The J.Law-Like Rise of Thomasin McKenzie, Teen Star of Leave No Trace

The actress has had a J.Law-like rise, but she is a different type of star in the making.

Photograph by Nadine Ijewere; Styled by Sam Walker.

In 2010, the director Debra Granik premiered her gritty drama Winter’s Bone at the Sundance Film Festival. The film ignited the career of its then-unknown young star: a 19-year-old Jennifer Lawrence, who played a Missouri teen who sets out to find her disappeared meth-cooker father as the threat of eviction looms over her family.

The role earned Lawrence her first Academy Award nomination, and the following eight years are, well, history. But this January, Granik returned again to Sundance, to premiere her follow-up narrative feature, Leave No Trace. And she again brought with her a precocious talent in a role that could be the catalyst for another major breakthrough: the 17-year-old New Zealand actress Thomasin McKenzie, playing a teen who lives off the grid with her dad, a PTSD-stricken veteran (Ben Foster), in the lush forest surrounding Portland, Oregon.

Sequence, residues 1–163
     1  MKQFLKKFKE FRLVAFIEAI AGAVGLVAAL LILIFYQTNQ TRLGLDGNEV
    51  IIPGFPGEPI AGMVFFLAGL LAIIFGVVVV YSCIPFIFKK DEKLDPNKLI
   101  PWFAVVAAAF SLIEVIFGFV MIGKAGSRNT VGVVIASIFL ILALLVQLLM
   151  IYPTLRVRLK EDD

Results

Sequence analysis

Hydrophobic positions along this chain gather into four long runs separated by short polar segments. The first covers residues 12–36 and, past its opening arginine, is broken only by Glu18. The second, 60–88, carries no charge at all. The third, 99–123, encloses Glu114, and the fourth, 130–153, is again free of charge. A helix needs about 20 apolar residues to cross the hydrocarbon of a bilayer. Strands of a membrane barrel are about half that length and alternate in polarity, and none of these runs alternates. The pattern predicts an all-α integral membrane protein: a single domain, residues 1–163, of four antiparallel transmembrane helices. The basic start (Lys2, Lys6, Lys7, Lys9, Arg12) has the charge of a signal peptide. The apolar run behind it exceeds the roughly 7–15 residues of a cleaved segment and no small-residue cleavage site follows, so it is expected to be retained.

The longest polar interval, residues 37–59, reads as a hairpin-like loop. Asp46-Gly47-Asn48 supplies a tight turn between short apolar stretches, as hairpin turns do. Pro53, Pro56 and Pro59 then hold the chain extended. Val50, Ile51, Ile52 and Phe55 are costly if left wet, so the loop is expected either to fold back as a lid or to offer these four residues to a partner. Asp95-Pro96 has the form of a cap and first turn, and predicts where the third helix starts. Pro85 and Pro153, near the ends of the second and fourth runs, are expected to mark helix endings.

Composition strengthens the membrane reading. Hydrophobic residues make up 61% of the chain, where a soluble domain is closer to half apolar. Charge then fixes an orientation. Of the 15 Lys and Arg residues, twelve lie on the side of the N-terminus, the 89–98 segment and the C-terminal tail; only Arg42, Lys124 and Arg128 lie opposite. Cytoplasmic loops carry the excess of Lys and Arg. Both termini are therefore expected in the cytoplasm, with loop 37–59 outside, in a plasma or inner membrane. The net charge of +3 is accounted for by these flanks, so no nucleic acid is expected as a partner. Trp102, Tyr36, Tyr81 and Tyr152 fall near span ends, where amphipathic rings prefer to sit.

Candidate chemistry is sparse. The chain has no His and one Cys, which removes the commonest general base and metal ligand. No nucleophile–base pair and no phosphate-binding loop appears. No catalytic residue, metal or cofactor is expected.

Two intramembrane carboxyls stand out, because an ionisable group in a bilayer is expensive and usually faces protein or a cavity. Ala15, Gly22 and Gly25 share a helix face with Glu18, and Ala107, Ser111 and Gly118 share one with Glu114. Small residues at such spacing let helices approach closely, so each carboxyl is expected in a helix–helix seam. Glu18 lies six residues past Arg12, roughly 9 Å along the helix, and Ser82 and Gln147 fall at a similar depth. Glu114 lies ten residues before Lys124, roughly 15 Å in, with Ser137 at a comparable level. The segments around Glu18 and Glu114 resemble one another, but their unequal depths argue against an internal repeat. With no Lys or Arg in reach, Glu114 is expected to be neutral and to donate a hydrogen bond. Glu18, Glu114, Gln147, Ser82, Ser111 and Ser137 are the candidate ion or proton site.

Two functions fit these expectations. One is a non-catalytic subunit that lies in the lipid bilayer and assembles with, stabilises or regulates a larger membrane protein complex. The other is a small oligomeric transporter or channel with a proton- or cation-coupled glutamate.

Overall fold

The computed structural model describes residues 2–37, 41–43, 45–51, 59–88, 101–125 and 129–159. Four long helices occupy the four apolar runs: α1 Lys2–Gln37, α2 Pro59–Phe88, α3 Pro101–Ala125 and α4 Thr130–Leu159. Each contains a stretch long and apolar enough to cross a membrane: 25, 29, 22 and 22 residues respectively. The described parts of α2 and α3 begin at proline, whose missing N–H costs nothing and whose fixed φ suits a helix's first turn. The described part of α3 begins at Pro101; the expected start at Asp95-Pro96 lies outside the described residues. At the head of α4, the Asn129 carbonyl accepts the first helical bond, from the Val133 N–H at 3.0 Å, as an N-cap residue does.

Finding another J. Law in the rough wasn’t simple. After a series of taped auditions over the course of several months (including an improvisational scene employing a neighbor’s rabbit as a prop), McKenzie got on Skype with Granik—and the director suddenly stopped speaking in hypotheticals: “When you’re over here”; “when I see you.” It was only then that McKenzie realized she had been cast.

Granik, apparently, saw such an affinity between the young actor and her character that, at the beginning of rehearsals, she changed the name of the role from Caroline, as she’s called in the novel on which the film was based, to Tom, McKenzie’s own nickname. It is a fitting marriage of actor and character: McKenzie grew up hiking and climbing trees in the rural areas surrounding her native Wellington, New Zealand, a country that’s practically synonymous with famous adventurers. There’s a trail she likes to run, or “tramp”—hiking, in the local argot—that winds along the southern coast of the North Island and which she used as a backdrop for one of her audition tapes. After she landed the part, she walked it again—and then again, just before departing for New York, where we met on a recent afternoon in Queens.

“It’s kind of become a tradition,” McKenzie explained, showing me the audition video on a laptop. Still, she wasn’t quite prepared for the intense outdoorsmanship required to play the part: The film opens on Tom, humming to herself, rifling through the forest floor in search of mushrooms; later, a rare trip to an urban grocery store is marked by the refrain, “Want, or need?” So upon arriving to set in the Pacific Northwest, McKenzie enrolled in a wilderness training course, which included lessons in foraging, fire-starting, and identifying bird songs, and a beekeeping workshop to prepare for a scene in which her character cradles honeybees in her bare hands.